Cheung Kong (Holdings) will refund deposits and cancel the sales of its hotel suites after a securities watchdog probe found the deals breached the law as unauthorised investments.
SCMP, May 14
The famous American banker J.P. Morgan was once asked in a congressional hearing what he thought to be the foundation of finance. Is it profit or wealth, a congressman asked. "No, Sir," Morgan replied. "It is trust."
The question that the Securities and Futures Commission raised about Cheung Kong's sale of individual units in the Apex Horizon hotel project in Kwai Chung was whether it constituted a collective investment scheme. If so, it would be subject to the tight regulation of the Securities and Futures Ordinance and be subject to much stricter regulation.
The SFC predictably said that the ordinance applies. Cheung Kong, which has taken its own legal advice, said it does not.
There are different ways of looking at it. In one way the arrangement does look like a security. You buy one of 360 units in the hotel, you get a piece of paper saying you have done so, and you entrust Cheung Kong to manage the building. What is so different from buying shares of Cheung Kong on the stock market?
In another way, however, there is also not much different here from a deed of mutual covenant. With a DMC, which covers most home ownership in Hong Kong, you buy a flat in a block, you get a piece of paper saying you own a certain fraction of that block while reserving one specific flat to yourself and you appoint a manager of the block, usually an arm of the developer.
The difference, says the SFC, is that the unit owner has little or no control over the manager in the Apex Horizon case.
Perhaps, but how much control does a unit holder with a DMC have over the manager in a 1,000-unit housing development in which the developer keeps the commercial podium? It cannot be more than in the Apex Horizon case, probably less.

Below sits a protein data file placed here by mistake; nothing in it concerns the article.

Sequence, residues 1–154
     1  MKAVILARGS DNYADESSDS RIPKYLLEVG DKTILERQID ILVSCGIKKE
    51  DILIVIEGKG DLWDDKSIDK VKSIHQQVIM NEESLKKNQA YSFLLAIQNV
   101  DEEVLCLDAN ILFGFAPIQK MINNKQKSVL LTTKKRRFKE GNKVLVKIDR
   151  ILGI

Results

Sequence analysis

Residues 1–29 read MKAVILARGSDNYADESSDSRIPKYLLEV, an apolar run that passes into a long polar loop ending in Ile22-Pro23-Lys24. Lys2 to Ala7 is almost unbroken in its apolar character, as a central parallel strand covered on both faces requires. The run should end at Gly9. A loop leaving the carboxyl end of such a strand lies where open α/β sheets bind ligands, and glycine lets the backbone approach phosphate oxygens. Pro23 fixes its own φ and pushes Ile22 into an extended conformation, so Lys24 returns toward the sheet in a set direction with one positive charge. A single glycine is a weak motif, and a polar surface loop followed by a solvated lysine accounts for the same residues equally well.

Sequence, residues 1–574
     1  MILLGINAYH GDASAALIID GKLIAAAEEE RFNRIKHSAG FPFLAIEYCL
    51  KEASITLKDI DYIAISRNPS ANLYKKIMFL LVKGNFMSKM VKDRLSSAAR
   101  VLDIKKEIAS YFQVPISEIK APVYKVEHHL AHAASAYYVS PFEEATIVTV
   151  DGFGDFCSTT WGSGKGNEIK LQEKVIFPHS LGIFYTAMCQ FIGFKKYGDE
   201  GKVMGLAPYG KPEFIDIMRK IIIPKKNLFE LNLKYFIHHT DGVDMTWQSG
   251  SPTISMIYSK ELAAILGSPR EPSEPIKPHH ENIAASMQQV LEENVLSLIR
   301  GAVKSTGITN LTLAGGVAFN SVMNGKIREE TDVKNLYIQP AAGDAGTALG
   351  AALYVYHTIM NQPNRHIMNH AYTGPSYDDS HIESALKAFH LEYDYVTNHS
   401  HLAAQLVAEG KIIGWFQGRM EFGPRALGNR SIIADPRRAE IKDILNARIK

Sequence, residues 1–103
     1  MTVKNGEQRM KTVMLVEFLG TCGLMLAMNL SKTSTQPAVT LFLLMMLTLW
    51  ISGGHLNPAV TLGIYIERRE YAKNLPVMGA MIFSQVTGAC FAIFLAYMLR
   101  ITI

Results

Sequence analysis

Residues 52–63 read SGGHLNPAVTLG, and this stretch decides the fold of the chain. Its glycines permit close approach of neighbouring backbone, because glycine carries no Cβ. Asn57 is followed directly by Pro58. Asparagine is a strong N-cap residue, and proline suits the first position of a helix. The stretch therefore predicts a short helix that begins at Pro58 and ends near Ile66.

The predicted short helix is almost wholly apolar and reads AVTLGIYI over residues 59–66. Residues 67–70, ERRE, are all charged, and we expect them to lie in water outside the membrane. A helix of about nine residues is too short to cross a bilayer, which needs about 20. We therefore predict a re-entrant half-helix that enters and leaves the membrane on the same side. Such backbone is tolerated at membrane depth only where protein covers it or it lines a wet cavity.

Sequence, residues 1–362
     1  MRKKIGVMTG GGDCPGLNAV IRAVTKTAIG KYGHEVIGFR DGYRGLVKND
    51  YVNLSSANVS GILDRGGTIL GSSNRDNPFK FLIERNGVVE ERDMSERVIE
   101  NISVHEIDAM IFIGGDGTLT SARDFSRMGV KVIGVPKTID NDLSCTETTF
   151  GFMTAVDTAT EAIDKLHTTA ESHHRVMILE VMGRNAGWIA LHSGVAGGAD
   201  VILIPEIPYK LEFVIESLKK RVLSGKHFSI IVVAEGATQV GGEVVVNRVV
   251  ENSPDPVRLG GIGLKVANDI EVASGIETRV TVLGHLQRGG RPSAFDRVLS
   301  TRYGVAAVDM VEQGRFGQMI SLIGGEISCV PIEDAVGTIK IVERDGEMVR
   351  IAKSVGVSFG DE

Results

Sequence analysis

I don't know whether this argument forms part of Cheung Kong's case. All I do know is that there are some critical questions to be answered here and the best place to answer them is in a court of law.
But now they won't be. The SFC decided to go nuclear and haul out its ultimate weapon, Section 213, which allows it unilaterally to unwind a transaction if, for a wide range of possible reasons, it doesn't approve.
The threat was enough to make Cheung Kong back down and agree to unwind all the Apex Horizon purchases on its own. The quick surrender should be no surprise. The SFC has just won a decision in the Court of Final Appeal, upholding its right to invoke Section 213 pretty much whenever it wants.
For Cheung Kong to fight it now could mean that the whole Apex Horizon is frozen for two years or more under Section 213 until the case has gone right up to the CFA. This would do Cheung Kong's reputation immense damage with unit buyers and even with its shareholders. Better in such circumstances to submit to the SFC terminator and maintain good investor relations.
And that brings me back to J.P. Morgan and his answer of trust. Leave alone that it is impossible anyway for these Section 213 orders to recreate the past in a state before any given transaction took place, they do far more damage than the SFC knows. They destroy trust. They are not like a builders' lien or like setting disputed sums in escrow until a later judgment is made. An investment manager, who relies absolutely on his good name, may find his business ruined if he is hit by one or a listed company find its reputation thoroughly tarred.
This would be all very well if any of them deserve it and I have no objection if they do. But the proper person to decide this question is a judge in a court of law, not a regulator at his own whim. What we have here is a government agency that has written its own law and then enforces that law itself as policeman, prosecutor, jury and judge all rolled into one.
Ban the bomb. We need to put a leash on the SFC's use of Section 213.